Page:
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Pollution Control and Environmental Challenges Facing India

Fall (Environmental Science, Geography; 400-level; 3 credits)

Earth provides enough to satisfy every man’s need but not everyman’s greed

- Mahatma Gandhi

This statement delineates the course on pollution control and environmental challenges in India. It illustrates various anthropological factors which have led to the pollution of the environment, a serious ecological crisis today around the globe. The course encompasses numerous issues of pollution and challenges of environmental conservation in India with a social perspective. Important and relevant global environmental issues would also be analyzed within the local context and sustainable solutions would be discussed.

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Population and Poverty

Fall (Sociology; 400-level; 3 credits)
Spring (Sociology; 400-level; 3 credits)

This course covers two concepts - poverty and population. Discussions on the ramifications of poverty and population in India will be a significant part of this course, focusing on the cultural, social and economic factors which play a role in the relationship of these two concepts.

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Population and Poverty Field Study

Fall (Sociology; 400-level; 1 credit)
Spring (Sociology; 400-level; 1 credit)

Field-based learning in conjunction with the Social Problems: Population & Poverty course. Course objectives include: understanding the theoretical approaches for examining social problems and issues; acquisition of informed knowledge about selected problems and issues; explanation for the subjugation of women and the gender dimensions of each social problem, and a generalization of reasoning abilities from specific problems to a general perspective.

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Religious Politics in Comparative Perspective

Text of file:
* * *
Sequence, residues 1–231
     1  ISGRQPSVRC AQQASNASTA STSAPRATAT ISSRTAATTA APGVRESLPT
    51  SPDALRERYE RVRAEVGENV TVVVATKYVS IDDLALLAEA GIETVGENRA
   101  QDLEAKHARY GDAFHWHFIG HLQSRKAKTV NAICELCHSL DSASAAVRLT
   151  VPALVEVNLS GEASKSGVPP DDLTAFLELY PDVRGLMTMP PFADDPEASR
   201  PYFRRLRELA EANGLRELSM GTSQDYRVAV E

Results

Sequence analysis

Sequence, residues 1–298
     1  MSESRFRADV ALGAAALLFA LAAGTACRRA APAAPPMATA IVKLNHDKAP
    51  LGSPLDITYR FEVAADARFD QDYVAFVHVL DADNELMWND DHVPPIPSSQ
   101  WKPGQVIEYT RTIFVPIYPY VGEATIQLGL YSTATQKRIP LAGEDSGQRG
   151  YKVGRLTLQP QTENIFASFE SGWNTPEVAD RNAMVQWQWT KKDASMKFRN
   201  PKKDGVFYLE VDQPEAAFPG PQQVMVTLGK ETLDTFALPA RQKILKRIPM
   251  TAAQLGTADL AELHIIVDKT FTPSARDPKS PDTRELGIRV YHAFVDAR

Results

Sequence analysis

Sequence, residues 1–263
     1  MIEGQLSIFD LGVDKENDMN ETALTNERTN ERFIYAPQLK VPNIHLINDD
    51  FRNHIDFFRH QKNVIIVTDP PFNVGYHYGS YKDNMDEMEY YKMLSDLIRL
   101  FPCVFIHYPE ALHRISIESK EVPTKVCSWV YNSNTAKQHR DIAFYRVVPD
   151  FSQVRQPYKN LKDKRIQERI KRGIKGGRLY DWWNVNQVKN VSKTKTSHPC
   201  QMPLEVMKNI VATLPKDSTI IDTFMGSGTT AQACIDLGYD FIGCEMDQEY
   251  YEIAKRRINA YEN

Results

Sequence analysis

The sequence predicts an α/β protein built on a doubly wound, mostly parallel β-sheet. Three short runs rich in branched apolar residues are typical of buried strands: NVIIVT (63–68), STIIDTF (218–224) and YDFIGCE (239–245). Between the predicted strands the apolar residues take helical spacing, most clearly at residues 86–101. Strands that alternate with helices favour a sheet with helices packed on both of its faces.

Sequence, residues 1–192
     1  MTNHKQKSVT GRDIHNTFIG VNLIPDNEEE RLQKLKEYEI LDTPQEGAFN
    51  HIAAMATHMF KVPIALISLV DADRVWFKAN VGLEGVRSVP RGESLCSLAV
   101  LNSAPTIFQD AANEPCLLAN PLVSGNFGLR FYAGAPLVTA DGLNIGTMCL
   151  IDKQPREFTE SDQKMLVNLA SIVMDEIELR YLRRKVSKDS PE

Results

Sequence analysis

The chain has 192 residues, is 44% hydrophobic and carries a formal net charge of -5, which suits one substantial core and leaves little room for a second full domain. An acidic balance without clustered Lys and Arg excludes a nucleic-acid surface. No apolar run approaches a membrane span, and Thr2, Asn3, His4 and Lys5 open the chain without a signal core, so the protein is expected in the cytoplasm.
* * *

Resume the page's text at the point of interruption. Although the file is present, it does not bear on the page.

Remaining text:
Spring (Political Science, Religious Studies; 400-level; 3 credits)

Description not available at this time.

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Service Learning

Fall (Service Learning, Social Work, Sociology; 400-level; 1 credit)
Spring (Service Learning, Social Work, Sociology; 400-level; 1 credit)

Service learning combines community service with academic instruction, focusing on critical, reflective thinking and personal and civic responsibility. Service learning programs involve students in activities that address community-identified needs, while developing their academic skills and commitment to their community.

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The Politics of Sexuality in Comparative Perspective

Spring (Political Science; 400-level; 3 credits)

Description not available at this time.

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Urban and Rural Development

Fall (Sociology; 400-level; 3 credits)
Spring (Sociology; 400-level; 3 credits)

This course on Urban Development focuses on the main trends of urbanisation in India. The course looks at urban environment from a development perspective. It provides an ethnographically informed understanding of several important facets of the lives of urban poor and reviews competing models for the provision of urban services.

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Fall (Recreation / Physical Education; 100-level; 1 credit)
Spring (Recreation / Physical Education; 100-level; 1 credit)

Instruction in the practice of Yoga. General philosophy, history, and wellness benefits will be included. Emphasis is placed on the performance of ananas (postures), pranayamas (breathing exercises), dharanas (concentration exercises), and dhyanas (meditation and relaxation techniques) in order to improve wellness.